Venkata Works to Combat Antibiotic Resistance Through Research

Published on 16 June 2020

According to the Centers for Disease Control and Prevention, antibiotic resistance is one of the most urgent public health challenges of our time, with at least 2.8 million people contracting resistant infections, which result in more than 35,000 deaths in the United States each year.

Kalyan Venkata, Ph.D., assistant professor of medicinal chemistry at St. Louis College of Pharmacy, is working to combat antibiotic resistance through his research on inhibitors of New Delhi metallo-B-lactamase-1 (NDM-1), an enzyme that makes bacteria resistant to a broad range of antibiotics.

Since its discovery in 2008, NDM-1 prevalence has grown among bacterial infections, and because of this, many bacteria and fungi are becoming resistant to antibiotics, thus neutralizing their effects.

“Currently, antibiotics are able to prevent infections, but if they lose their ability, or the bacteria is able to break down the antibiotic, then we are unable to control the infection,” Venkata explained. “This project will focus on developing innovations for bacterial resistance to restore the activity of the antibiotic.”

Venkata’s innovative research efforts were recently recognized by the American Association of Colleges of Pharmacy (AACP), which presented Venkata with a New Investigator Award for 2020.

“This is an exciting opportunity because it will help us lay the foundation for further research,” Venkata stated. “Many pharmaceutical companies are not putting as much emphasis on antimicrobial research anymore, which makes awards like this even more important. We are starting to realize that infections are probably the most dangerous because they are hard to control when they hit us. Having something in the pipeline, or a researched understanding, will allow us to develop effective medications quicker.”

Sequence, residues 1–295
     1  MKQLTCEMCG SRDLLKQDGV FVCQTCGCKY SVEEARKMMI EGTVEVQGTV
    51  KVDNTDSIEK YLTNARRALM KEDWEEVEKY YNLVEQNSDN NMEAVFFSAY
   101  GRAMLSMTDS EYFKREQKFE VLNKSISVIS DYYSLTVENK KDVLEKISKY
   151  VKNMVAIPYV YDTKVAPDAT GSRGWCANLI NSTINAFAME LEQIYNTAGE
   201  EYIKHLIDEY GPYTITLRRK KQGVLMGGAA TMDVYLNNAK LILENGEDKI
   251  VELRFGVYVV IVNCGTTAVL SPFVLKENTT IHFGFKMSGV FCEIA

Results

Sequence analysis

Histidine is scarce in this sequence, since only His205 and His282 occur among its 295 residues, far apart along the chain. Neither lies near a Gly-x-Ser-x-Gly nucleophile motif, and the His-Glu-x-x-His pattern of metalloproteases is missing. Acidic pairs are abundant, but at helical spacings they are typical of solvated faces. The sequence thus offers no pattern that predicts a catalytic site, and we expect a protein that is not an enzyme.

Venkata joined the College in July 2019 with the goal of pursuing research opportunities. As he continues his research, he is hopeful that his recent AACP award will open doors that will help him further his work.

“Though we are still in the beginning stages of the project, this research will provide me with the preliminary evidence required to develop future research and grant applications, and it will foster collaborations with not only other faculty at the College but with external research partners as well,” Venkata stated. “I decided to come to the College in part because of the opportunity for research, and the resources, infrastructure and connections we have here will make it possible for me to sustain this project and even complete it.”

Venkata will present his NDM-1 research at the AACP Annual Meeting in Toronto, Canada in July 2021.

Venkata is one of many faculty members across the College currently pursuing innovative research projects, both in individual laboratories and through the College’s academic and research centers. To learn more about research at the College, visit

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